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    Excellent post, Paul. The Democrats on the committee are working hard to get this through. This is enormously important - recent events have shown how critical it is to have a strong 9-1-1 system.

    The vast majority of us are paying our fair share into the system that protects all of us. It's time to end the loophole. Thanks for your help!

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      Out of curiosity, what is the D. position on the new mileage fee for electric cars. I know its not a perfect analogy with this issue, but it is also a case of technology and "user fee"/tax structure getting out of sync.

      Should we impose a mileage fee on electric cars to take into account the road maintenance/construction portion of the gas tax?

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    As a Washington resident I make it a point to avoid sticking my nose into Oregon politics, but I can't resist a response to the description of prepaid cell phone users as "freeloaders and drug dealers . . .".

    I suspect there are quite a few people in Oregon (and elsewhere) who lack the credit history (or Social Security number) to qualify for the latest Verizon iPhone plan, and who use prepaid cell phones as their only alternative. Whether or not it is good social policy to impose additional fees on such people to pay for 911 service is a question I leave to others, but I strongly object to the slur against prepaid cell phone users as criminals or quasi-criminals.

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    Paul, great post. This is a case study in how corporations can get self serving benefits because the public is unaware and there is no one to really represent them. I hope that you submit this as an oped to the Oregonian or the Statesman Journal and shine some light on this issue.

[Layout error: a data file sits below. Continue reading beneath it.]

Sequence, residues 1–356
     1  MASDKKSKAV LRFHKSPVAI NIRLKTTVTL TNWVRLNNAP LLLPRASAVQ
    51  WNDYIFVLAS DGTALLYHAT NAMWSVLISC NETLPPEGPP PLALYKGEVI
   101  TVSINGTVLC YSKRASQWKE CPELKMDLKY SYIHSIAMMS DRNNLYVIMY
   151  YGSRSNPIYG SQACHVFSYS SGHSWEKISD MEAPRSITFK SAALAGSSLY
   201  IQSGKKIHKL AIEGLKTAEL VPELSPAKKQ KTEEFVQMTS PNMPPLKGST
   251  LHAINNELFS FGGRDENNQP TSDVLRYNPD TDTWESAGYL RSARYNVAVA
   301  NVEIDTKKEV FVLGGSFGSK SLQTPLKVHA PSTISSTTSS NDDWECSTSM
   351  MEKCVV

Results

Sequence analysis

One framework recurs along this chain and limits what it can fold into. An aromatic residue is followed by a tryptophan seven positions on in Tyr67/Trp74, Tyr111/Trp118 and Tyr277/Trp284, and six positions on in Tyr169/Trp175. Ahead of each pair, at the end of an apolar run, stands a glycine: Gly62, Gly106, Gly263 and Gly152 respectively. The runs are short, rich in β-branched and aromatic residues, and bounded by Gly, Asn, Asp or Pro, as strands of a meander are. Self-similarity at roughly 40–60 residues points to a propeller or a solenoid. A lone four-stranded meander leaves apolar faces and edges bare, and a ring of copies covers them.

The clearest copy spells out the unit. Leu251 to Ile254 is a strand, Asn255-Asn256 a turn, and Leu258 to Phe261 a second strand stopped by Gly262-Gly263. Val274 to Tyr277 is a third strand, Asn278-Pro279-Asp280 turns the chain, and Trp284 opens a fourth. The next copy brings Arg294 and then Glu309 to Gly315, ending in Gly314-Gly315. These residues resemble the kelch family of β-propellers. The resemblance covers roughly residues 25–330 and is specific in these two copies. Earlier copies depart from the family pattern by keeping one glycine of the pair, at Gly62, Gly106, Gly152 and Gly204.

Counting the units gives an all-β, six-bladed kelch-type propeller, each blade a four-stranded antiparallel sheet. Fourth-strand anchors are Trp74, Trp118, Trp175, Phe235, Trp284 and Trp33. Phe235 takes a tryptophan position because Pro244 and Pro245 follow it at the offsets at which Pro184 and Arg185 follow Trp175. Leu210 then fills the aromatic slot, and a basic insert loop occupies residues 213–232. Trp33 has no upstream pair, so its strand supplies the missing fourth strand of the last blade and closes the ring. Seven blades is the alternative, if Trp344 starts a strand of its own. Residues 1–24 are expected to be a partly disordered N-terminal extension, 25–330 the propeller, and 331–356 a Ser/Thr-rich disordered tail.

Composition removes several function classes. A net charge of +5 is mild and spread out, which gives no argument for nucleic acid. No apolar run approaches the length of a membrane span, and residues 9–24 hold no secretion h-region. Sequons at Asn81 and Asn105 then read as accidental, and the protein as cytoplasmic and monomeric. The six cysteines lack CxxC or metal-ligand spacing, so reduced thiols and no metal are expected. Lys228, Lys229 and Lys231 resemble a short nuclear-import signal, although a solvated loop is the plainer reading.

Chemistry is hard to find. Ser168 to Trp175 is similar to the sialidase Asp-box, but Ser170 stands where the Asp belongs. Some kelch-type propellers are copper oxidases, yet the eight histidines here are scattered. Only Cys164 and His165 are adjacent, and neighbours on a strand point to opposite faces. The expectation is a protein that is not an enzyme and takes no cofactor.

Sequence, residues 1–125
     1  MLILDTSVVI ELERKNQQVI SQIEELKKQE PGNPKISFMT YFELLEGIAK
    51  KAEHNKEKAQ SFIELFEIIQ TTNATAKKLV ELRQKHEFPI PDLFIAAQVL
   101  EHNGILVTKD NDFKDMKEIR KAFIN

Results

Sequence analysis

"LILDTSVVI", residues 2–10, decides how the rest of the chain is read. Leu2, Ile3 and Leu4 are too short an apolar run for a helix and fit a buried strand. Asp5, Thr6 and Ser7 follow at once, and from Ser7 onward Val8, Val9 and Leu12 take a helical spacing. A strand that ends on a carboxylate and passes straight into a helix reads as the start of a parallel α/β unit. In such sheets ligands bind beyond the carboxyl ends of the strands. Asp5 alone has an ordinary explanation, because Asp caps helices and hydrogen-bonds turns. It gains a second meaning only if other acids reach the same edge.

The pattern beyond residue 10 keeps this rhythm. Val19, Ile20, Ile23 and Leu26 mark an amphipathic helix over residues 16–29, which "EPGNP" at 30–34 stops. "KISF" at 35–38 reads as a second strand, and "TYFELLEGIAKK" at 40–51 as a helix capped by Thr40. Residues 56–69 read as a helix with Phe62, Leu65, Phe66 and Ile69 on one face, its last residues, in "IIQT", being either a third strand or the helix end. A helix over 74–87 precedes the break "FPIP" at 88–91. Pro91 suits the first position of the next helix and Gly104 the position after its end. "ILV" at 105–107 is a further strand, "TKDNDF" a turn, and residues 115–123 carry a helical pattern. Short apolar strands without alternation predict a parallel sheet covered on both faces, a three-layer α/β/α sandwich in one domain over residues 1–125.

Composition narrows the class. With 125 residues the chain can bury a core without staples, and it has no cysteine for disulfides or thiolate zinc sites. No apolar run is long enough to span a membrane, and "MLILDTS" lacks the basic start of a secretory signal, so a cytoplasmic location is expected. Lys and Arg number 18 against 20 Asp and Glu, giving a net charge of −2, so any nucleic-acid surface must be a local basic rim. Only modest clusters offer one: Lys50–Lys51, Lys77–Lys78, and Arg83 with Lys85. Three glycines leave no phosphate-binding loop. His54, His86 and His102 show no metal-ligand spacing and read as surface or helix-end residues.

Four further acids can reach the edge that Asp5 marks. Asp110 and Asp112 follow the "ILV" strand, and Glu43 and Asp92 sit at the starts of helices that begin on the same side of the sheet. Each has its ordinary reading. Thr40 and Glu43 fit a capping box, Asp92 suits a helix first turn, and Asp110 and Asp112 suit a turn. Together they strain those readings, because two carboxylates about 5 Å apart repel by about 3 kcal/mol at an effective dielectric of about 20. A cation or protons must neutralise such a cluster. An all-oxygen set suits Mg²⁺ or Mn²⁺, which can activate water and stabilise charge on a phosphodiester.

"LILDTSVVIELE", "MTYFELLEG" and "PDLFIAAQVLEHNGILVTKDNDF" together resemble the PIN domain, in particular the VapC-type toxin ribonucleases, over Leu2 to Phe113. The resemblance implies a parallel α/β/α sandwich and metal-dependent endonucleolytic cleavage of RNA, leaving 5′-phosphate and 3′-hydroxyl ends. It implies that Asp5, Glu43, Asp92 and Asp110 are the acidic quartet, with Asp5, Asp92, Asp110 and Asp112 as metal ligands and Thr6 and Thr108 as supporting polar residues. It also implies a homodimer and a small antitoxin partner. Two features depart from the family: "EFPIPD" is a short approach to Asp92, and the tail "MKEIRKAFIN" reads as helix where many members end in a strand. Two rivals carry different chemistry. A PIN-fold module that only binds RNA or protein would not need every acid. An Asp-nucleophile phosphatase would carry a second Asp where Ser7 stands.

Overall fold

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    As a board member at the Washington County Consolidated Communications Agency (WCCCA), which serves the 911 needs of the county, we were very saddened to see this bill get squashed by the very telecommunications companies that directly benefit from and encourage the necessary updates in technology.

    Everyone wants effective technology, well-trained and experienced staff and 24/7 service for 911 calls. Everyone benefits from it, and I cannot understand how the telecoms justify their position on pre-paid cell phones with the excuse that they can't figure out how to bill the users for such a necessary charge. Evidently, they don't care enough about the health and safety of their customers to ensure 911 service gets funded properly.

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    Frankly if the reader did not already know what the issues behind HB 2075 are you would not understand this article until you were midway through it. Yes, I will contact my Rep. and Sen. and urge support for HB 2075. The vendor could build the tax into the price of the phone.